The special material layer 1 is about 500 Angstrom or less thick and is formed with a spin-on-glass (SOG) coating or an oxide layer. The latter is formed by a plasma enhanced chemical vapor deposition (PECVD) process. While the low temperature thermal treatment is carried out at a temperature of 150 to 300° C., the high-temperature thermal treatment is at a temperature of 200 to 500° C.

Upon executing the high-temperature thermal process, the low molecular weight compounds or solvent molecules 2 remaining within the photoresist film 3 escape from the photoresist film 3 through the thin parts of the special layer 1 or burst them. In FIG. 1, reference character "t" is a thickness difference of the photoresist film 3, meaning the step level thereof. Accordingly, the special material layer on a low step level is thicker than on a high step level and thus, little defects are shown after the high-temperature thermal treatment.

FIG. 3 is a top view showing defects which are gushed up owing to the difference in thickness of the photoresist film 3 coated on the wafer 4, wherein more densely dotted parts indicate more defects which are generated upon the high-temperature thermal treatment, traceable to relative thin special material layer formed on relative high parts of the photoresist film 3.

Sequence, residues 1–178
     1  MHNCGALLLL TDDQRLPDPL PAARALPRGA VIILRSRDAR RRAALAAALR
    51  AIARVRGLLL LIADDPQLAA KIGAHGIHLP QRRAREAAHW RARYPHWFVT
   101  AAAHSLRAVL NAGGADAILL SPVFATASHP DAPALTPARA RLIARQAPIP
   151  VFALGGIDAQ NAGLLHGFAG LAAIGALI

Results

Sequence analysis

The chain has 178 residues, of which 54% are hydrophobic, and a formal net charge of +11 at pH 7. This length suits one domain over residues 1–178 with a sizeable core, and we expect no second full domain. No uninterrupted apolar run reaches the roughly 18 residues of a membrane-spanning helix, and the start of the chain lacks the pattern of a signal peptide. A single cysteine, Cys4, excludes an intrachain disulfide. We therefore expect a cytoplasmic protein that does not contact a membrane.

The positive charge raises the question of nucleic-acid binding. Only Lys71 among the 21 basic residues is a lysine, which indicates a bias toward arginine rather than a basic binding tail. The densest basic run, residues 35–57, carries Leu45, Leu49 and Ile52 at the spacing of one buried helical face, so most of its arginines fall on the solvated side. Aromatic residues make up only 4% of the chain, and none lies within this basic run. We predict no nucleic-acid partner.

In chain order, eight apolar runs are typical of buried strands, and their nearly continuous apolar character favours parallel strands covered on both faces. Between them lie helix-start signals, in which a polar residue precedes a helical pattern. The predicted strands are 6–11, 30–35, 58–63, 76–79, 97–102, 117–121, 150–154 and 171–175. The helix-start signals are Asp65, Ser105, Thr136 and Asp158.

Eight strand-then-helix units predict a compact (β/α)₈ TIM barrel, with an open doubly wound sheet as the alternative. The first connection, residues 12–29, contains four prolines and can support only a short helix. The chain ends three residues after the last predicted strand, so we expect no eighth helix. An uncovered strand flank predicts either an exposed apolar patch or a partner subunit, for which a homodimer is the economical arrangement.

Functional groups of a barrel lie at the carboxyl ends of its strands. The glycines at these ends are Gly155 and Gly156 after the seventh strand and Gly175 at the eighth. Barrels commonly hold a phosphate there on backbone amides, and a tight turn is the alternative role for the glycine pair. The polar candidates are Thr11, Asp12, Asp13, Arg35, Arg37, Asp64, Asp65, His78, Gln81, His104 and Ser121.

As described hereinbefore, the defects generated on coating of a photoresist film can be detected by forming a special material layer subsequent to a low-temperature treatment of the photoresist film and gushing up the defects through thin parts of the photoresist film, or by carrying out the coating step of the special material layer and the low-temperature treatment for 2 to 3 seconds simultaneously.

In accordance with the present invention suggested, coating defectives attributable to microscopic differences in the thickness of a photoresist film can be readily detected, which allows CD to be accurately controlled in devices of 256 M DRAM or more. So, the detecting and monitoring of the process defectives can be achieved, leading to accurate and easy yield analysis.

Other features, advantages and embodiments of the invention disclosed herein will be readily apparent to those exercising ordinary skill after reading the foregoing disclosures. In this regard, while specific embodiments of the invention have been described in considerable detail, variations and modifications of these embodiments can be effected without departing from the spirit and scope of the invention as described and claimed.

Patent Citations
Cited PatentFiling datePublication dateApplicantTitle
US4774164 *Apr 6, 1987Sep 27, 1988Tegal CorporationChrome mask etch
US4824763 *Jul 30, 1987Apr 25, 1989Ekc Technology, Inc.Triamine positive photoresist stripping composition and prebaking process
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US5116704 *Sep 6, 1989May 26, 1992Samsung Electron Device Co., Ltd.Barrier rib forming method of PDP
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Classifications
U.S. Classification430/272.1, 430/30, 430/273.1
International ClassificationG01N25/72, G01B21/08
Cooperative ClassificationG01B21/08, G01N25/72
European ClassificationG01N25/72, G01B21/08
Legal Events
DateCodeEventDescription
Oct 19, 2010FPAYFee payment
Year of fee payment: 12
Oct 27, 2006FPAYFee payment
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Aug 29, 2002FPAYFee payment
Year of fee payment: 4